... Researches conducted worldwide with emphasis on the health benefits of the whey were reviewed by Kadam et al. (2018), and whey from different milk sources and whey proteins in the context of other known food antioxidant were compared by Corrochano et al. (2018). Other conducted reviews included selected uses of whey and whey preparations in the food industry (Królczyk et al., 2016), whey protein, its fractions, and the therapeutic effect, and its application in the food processing and pharmaceutical field (Kassem, 2015), most recent advances on the controlled modifications of whey protein structures for specific functionalities (Guyomarc'h et al., 2015), health benefits of whey proteins, especially research advances about their biological properties (Solak and Akin, 2012), as well as physiological properties of bioactive peptides obtained from whey proteins, including the stabilities of such peptides obtained during their gastrointestinal route (Madureira et al., 2010). Earlier workers like Madureira et al. (2007) and Jovanović, Barać, and Maćej (2005) respectively reviewed the biological properties of whey proteins, and whey protein properties and their possible use in dairy industry. ...
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The massive research interest in whey has strengthened its position among coagulated milk products. Previously conducted reviews demonstrate that whey-derived functional foods provide a cascade of beneficial applications that promote health and wellbeing, and in managing numerous chronic diseases. To improve the understanding about how whey protein processing brings about new products that help in tackling health challenges is what we have attempted in this review paper. Herein, we provide an insight perspective into whey proteins processing and its derivatives from constituents, bioactivities, functionalities to therapeutic applications, drawing from: (a) prime constituents of whey protein; (b) composition and production of sweet/acidic whey; (c) bioactive peptides aspects of whey and its health/wellbeing benefits; (d) whey processing techniques: improving whey proteins’ functionalities; (e) whey and its derivatives-based products: generating new functional foods and beverages and (f) whey-derived products in health and wellbeing: some therapeutic applications.
... Whey is no longer a by-product, but rather a coproduct of cheese manufacture. This transition evolved from the 1980s in tandem with developments in membrane-separation (e.g., ultrafiltration, UF, or microfiltration, MF, in combination with diafiltration, DF) and enzyme technologies that enable the separation, fractionation, concentration and/or controlled hydrolysis of whey proteins into high-value protein ingredients with unique nutritional, biofunctional and physicochemical properties that are desired in a variety of applications including infant formula, sports and nutritional foods and beverages (Minj & Anand, 2020;Solak & Akin, 2012;Yadav et al., 2015). Nevertheless, the direct recovery of whey protein from milk to cheese continues to have potential as a sustainable approach of enhancing the nutritional and biofunctional status of rennet-curd cheese, and removes the energy costs associated with separation, concentration and drying of whey protein/protein fractions, and ...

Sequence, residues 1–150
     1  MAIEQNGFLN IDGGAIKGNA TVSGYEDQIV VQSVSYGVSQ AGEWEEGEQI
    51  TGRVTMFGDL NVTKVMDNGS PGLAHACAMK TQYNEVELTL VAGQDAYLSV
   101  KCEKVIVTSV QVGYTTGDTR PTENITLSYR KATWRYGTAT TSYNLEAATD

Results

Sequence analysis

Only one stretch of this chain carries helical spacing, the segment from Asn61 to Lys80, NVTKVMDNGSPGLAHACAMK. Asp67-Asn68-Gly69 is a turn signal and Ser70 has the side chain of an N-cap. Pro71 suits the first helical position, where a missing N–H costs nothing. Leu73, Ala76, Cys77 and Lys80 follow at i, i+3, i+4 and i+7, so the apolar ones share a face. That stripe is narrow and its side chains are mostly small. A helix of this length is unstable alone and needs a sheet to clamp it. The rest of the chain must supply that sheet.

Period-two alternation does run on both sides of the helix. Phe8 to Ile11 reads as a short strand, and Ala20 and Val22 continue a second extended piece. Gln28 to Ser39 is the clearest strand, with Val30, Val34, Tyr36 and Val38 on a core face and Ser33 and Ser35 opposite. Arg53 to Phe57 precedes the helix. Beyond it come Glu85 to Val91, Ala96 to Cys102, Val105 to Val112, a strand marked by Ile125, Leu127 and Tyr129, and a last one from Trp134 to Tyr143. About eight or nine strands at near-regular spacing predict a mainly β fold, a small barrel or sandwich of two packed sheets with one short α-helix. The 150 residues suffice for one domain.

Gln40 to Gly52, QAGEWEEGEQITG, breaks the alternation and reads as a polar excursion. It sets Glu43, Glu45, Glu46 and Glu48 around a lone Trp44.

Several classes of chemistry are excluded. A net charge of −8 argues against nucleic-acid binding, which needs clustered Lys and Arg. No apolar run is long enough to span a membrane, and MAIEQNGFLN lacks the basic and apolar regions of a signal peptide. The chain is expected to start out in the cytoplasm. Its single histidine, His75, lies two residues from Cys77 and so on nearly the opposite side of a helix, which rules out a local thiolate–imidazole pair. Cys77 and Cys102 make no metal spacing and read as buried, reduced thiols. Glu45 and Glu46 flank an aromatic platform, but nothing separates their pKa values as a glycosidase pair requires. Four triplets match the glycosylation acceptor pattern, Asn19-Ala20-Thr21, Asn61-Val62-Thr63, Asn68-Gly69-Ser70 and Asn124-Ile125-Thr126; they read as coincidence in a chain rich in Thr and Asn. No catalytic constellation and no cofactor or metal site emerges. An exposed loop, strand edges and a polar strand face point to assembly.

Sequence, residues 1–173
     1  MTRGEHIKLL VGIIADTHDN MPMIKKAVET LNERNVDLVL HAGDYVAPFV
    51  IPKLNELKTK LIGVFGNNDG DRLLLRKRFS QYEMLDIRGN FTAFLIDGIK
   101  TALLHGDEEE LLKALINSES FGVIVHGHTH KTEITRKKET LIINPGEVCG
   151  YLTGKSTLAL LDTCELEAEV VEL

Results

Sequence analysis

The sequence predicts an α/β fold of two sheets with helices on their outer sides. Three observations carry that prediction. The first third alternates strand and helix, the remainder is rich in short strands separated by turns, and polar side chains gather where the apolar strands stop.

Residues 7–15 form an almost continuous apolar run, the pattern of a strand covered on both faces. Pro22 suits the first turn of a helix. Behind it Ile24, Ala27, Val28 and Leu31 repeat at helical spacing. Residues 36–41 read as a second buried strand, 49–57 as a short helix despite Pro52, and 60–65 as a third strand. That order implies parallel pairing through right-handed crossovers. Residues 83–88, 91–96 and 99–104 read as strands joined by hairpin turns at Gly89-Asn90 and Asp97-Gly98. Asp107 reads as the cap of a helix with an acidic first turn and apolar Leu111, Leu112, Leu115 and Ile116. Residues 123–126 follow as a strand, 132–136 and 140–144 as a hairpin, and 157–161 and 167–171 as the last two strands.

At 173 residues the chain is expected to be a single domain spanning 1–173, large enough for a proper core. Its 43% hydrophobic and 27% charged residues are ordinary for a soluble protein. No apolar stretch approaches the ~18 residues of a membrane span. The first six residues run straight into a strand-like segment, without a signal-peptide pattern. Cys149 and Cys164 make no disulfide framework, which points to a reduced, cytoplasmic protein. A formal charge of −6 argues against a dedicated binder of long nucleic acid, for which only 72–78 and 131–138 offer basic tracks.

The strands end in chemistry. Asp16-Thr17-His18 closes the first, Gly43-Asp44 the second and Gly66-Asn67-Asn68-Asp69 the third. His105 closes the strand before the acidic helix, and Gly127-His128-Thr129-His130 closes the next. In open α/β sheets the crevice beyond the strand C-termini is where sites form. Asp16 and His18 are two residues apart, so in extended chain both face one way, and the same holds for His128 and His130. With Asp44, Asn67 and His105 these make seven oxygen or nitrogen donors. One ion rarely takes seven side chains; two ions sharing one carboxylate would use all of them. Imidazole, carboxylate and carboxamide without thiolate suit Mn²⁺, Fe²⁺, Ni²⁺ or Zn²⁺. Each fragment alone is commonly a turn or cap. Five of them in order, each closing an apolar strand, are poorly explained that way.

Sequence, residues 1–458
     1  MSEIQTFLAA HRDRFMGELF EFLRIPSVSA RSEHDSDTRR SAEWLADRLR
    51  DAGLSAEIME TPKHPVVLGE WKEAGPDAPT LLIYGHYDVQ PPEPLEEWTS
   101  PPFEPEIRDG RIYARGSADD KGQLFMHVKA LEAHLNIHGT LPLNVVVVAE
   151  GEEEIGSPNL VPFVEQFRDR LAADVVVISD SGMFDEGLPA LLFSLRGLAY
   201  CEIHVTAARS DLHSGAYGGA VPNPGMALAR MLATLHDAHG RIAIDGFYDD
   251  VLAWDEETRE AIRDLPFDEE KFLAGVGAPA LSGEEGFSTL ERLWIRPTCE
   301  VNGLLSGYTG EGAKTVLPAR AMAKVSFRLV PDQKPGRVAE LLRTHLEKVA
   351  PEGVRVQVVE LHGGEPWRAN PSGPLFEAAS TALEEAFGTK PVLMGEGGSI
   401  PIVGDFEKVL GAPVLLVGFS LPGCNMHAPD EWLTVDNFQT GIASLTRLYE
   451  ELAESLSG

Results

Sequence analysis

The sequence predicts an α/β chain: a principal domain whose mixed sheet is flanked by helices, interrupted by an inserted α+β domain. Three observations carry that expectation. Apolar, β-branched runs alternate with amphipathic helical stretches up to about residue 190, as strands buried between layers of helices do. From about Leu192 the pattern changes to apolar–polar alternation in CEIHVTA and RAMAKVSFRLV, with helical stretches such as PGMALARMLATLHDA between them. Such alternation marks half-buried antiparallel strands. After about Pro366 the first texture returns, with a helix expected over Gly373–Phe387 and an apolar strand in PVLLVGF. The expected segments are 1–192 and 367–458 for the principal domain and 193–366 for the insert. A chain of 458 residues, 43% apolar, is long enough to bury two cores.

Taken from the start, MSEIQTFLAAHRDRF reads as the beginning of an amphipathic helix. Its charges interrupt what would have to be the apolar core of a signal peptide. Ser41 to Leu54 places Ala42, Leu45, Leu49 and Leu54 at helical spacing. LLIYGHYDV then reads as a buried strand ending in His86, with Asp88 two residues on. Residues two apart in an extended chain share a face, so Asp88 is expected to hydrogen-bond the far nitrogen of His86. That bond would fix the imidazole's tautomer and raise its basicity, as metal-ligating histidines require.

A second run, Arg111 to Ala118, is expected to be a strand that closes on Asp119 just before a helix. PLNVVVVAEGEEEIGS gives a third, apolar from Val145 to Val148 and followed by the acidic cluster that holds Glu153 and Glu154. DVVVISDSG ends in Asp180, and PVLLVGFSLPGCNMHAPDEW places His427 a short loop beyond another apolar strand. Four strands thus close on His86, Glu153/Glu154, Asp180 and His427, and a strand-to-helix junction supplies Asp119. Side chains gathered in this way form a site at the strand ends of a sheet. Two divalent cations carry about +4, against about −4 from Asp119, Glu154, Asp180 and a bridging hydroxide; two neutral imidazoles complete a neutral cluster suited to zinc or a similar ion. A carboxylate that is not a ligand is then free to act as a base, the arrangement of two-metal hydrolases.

Article
High temperature treatment of milk (HTT) at temperatures (e.g., 75–100 °C for 1–10 min) higher than those used in conventional pasteurisation (72 °C for 15–30 s) has been used in the manufacture of rennet-curd cheeses to increase the recovery of whey protein, enhance cheese yield, and/or improve the texture of reduced-fat cheese. HTT results in denaturation and interaction of denatured whey proteins with κ-casein. The denatured whey protein/κ-casein complexes remain with the para-κ-casein micelle following rennet hydrolysis, and impede its fusion during gelation and syneresis of the resultant curd, to a degree that increases with severity of HTT. Consequently, cheese from HTT-milk has higher contents of moisture and denatured whey protein, is softer, and has inferior melting properties on baking or grilling. The effects of HTT can be partially mitigated by alteration of cheesemaking parameters to normalise cheese composition, and/or addition of exogenous proteinases to improve melting properties.
... Various DS types include multivitamins alone or in conjunction with Ginseng and Gingko Biloba, omega 3 fatty acid, whey protein, calcium, other supplements (prescription and natural products) non-supplements used by the participants. Previous studies showed that protein supplementation is verily common among students as it improves physical performance [22,23], whereas omega 3 fatty acid may increase sleeping attributes and decrease depression and anxiety [24]. Abbas et al. have reported that anxiety and depression due to academic studies may prevail in undergraduate students [25][26][27]. ...
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Full-text available